The fourth of Unitarian Universalism’s Seven Principles is, “A free and responsible search for truth and meaning.” Three years ago, several hundred UU ministers signed on (literally) in a thuggish attack against one of their fellow ministers, Todd Eklof, who had had the unspeakable temerity to publish and distribute a book. The book, The Gadfly Papers, made some observations and raised some questions about the direction in which UU leadership has been taking the denomination.
Not only did those hundreds of other ministers violate their own covenant by criticizing a fellow minister publicly rather than raising their concerns in private, they plainly wanted nothing to do with a free and responsible search for truth. We can judge this by the fact that the open letter that they all signed unequivocally refused to enter into debate with any of the points Eklof had raised in his book. The responsible thing to do would have been to quote the passages in the book that they found objectionable and to explain the manner in which they were convinced Eklof had erred.
They did nothing of the kind. And really they had little choice, since there was not a word in the book that was actually objectionable. (If you think I’m wrong about this, then please — cite specific sentences in the book, and explain your objection to those sentences. If you try to take me to task for defending the book without being specific in your dissent, I will delete your comments.)
A responsible search for truth requires free and respectful debate over ideas. Attacking a book and claiming that it caused “harm” while refusing to debate the ideas in the book or demonstrate the alleged harm just makes you an asshole. One has, then, no alternative but to conclude that quite a lot of the ministers in Unitarian Universalism are assholes.
When I discussed this with the former minister of my local congregation (without, I should add, calling her an asshole), she placed some emphasis on the word responsible. She plainly felt that Eklof’s criticisms were not responsible. I don’t recall that she was able to articulate the manner in which they were irresponsible, but I’ve continued to mull it over.
Without wading too deep into the swamps of postmodern anti-racism and identity politics, I think we can guess that the problem with the book was that it hurt some people’s feelings. It raised questions that made some people uncomfortable. Just reading the table of contents was enough for some of them to become uncomfortable; it’s pretty well established that quite a lot of the original signers of the open letter savaging the book had not read the book.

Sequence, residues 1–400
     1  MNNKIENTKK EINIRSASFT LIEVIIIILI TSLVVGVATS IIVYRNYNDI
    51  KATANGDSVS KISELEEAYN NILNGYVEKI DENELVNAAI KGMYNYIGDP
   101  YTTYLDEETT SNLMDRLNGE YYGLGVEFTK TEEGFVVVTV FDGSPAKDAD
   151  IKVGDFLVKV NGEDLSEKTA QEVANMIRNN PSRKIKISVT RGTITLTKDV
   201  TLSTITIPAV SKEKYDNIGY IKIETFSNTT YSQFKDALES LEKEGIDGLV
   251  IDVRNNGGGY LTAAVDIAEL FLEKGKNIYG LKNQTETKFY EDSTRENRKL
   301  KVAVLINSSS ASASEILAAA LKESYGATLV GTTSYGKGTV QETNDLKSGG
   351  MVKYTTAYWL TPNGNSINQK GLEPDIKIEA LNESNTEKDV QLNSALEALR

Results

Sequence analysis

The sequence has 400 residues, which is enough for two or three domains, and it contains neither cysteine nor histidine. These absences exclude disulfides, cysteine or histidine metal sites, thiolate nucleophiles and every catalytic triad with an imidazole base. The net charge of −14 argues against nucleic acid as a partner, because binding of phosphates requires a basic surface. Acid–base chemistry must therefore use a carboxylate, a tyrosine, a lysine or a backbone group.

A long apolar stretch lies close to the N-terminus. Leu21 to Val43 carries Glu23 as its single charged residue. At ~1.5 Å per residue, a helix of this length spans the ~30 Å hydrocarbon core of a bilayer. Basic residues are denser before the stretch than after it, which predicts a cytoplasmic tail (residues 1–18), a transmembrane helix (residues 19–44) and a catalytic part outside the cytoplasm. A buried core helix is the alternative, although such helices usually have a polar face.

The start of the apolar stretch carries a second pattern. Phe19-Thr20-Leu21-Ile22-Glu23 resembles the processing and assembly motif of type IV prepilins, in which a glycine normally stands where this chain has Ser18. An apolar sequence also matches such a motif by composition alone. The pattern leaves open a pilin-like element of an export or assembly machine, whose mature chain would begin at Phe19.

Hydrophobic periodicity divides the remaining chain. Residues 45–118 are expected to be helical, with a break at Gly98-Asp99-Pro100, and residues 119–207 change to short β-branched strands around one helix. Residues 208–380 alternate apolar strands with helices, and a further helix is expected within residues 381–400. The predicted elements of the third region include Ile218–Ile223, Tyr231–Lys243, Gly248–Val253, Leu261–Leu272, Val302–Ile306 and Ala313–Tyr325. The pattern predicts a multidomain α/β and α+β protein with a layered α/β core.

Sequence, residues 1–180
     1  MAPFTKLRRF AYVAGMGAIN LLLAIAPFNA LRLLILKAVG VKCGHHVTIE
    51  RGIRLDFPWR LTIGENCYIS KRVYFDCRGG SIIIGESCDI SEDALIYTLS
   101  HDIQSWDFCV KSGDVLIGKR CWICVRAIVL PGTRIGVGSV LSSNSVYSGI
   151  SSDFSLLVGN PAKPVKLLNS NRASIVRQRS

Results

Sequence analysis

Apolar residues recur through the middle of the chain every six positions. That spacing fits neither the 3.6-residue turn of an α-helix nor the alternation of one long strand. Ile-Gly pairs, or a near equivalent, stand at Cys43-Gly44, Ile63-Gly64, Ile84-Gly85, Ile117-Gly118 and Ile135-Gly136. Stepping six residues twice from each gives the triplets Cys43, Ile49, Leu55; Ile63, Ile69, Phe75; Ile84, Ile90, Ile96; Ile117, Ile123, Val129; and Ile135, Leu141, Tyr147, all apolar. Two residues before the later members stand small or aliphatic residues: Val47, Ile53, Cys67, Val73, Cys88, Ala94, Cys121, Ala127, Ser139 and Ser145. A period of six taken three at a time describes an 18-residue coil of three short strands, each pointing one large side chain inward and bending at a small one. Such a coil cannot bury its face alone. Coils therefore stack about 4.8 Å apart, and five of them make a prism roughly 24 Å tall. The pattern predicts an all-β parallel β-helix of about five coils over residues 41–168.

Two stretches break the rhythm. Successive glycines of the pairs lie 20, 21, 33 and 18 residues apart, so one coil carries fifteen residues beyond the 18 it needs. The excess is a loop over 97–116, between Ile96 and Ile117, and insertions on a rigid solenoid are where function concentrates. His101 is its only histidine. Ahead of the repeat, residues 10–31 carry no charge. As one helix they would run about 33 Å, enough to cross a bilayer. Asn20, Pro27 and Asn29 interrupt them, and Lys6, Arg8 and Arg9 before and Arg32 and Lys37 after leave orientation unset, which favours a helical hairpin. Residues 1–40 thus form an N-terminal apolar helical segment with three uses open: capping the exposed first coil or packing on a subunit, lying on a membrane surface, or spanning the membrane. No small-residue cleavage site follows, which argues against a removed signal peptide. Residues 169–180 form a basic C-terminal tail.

What puzzles me, I confess, is how I would identify an irresponsible search for truth and meaning. What would such a search look like? If it were irresponsible, how would I know?
In a search for truth and meaning, observations may sometimes be voiced or questions raised that make some people uncomfortable. They may make the person who is doing the searching uncomfortable, or they may make other people uncomfortable. I take it as axiomatic — axiomatic, damn it! — that the mere presence of this sort of discomfort cannot possibly be an indication that the search is irresponsible. A search for truth and meaning will sometimes make people uncomfortable, perhaps deservedly so. If it never makes anybody uncomfortable, it’s not an effective search, it’s just pablum.
Okay, I think I can give one example of an irresponsible search for truth. It’s generally accepted (and I would certainly agree) that asking a male-to-female transsexual about her genital surgery is extremely rude. If you’re genuinely in search of the truth about this type of surgery, go look it up on the internet. Asking someone a personal question about their genitals, unless you’re dating them and in a rapidly advancing phase of mutual ardor, is irresponsible, and you don’t get to defend yourself by saying you were just searching for truth.
Maybe there are other examples. Maybe asking someone why they decided to have their dog euthanized is an irresponsible search for truth. It’s none of your business. But raising difficult questions about the direction your religious denomination is headed? No. That can’t possibly be irresponsible, even if you’re dead wrong.
A guy I used to know was fond of quoting — well, he claimed he was quoting — André Gide: “Follow those who seek the truth, and flee from those who have found it.” The UU ministers who felt it was their mission to bully Todd Eklof into silence were, I’m quite sure, convinced that they had found and were in possession of The Truth.
Be that as it may, my question remains unanswered. If I’m to have any hope of following the Fourth Principle, I need to know: What would an irresponsible search for truth and meaning look like?
In fact, the question is deeper than that, because the Fourth Principle enshrines “a free and responsible search.” A searcher who tiptoes around in an effort to be responsible is not searching freely. A free search may, once in a while, transgress into irresponsibility. Potentially, at least, the two terms contradict one another. How are they to be reconciled?